The up-and-coming social networking site Pinterest has announced a new initiative to protect intellectual property from copyright infringement. The service, which is essentially a virtual bulletin board, allows members to post links, pictures and other information on a personalized page. This format has raised concerns about copyright protection because the site may encourage unauthorized sharing.
The co-founder of the site said this week that Pinterest respects the rights of intellectual property holders, and as a result has provided a new method for protecting information from being posted on the site. A short line of code, provided by Pinterest, will prevent information on any website from being posted to an online profile. Instead, the user will see a message indicating that the site’s owners have chosen to be excluded. In addition, Pinterest administrators have developed an online form that can be used to request information removal.
Pinterest is a rapidly growing phenomenon, featuring more than 11.7 million users as of the last count in January. That’s about 4 million more than the 7.5 million users in December, according to estimates.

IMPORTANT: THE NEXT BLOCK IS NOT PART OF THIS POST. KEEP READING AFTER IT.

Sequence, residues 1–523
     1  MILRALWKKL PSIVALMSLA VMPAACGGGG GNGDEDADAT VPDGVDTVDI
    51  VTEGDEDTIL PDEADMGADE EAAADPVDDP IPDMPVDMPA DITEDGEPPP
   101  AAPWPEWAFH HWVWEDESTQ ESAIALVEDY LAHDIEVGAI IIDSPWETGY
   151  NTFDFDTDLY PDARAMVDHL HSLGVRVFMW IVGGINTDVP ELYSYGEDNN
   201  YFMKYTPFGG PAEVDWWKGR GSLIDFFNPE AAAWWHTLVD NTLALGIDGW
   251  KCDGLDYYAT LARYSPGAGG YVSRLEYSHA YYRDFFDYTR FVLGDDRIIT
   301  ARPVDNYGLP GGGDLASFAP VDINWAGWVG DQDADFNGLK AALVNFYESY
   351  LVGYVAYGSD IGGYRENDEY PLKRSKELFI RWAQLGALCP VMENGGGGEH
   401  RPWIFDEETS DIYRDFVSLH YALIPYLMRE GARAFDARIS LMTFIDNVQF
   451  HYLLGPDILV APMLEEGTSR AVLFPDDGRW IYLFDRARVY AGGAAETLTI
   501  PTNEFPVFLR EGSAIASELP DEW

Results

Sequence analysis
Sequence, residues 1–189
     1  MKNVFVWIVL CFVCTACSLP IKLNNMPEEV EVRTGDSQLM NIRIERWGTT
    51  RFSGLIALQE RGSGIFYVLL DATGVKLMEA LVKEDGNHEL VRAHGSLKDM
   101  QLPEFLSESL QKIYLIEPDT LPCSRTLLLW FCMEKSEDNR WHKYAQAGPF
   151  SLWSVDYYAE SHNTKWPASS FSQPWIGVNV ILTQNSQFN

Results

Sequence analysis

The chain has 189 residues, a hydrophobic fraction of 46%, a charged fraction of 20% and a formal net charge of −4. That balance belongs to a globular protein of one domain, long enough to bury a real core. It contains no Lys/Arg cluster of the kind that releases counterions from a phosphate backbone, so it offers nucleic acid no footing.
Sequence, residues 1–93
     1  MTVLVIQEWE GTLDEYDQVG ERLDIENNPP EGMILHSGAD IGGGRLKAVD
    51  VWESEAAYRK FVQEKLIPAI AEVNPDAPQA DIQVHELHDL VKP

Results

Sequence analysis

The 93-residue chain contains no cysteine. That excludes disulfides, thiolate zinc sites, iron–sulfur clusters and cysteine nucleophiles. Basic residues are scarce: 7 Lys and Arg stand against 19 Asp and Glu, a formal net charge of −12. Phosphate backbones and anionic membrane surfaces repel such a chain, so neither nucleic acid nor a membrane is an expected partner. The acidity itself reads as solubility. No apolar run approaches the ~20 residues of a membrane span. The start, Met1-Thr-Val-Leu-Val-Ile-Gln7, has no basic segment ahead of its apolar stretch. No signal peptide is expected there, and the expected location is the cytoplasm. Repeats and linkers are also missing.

Legal analysts say that the site treads a fine line between copyright protection and free speech. Courts are unlikely to prohibit the expression of free speech, say some attorneys, although the issue becomes convoluted when the law is also expected to protect business entities. Pinterest would be wise to demonstrate allegiance with copyright holders to prevent devastating legal action against the site, say media law experts. Outside experts argue that Pinterest can probably protect itself from copyright cases by demonstrating that the distribution of copyrighted material was not the site’s primary function, unlike the processes that brought about the demise of such sites as Napster.
Source: BBC News, “Pinterest moves to address copyright fears with opt-out,” Feb. 21, 2012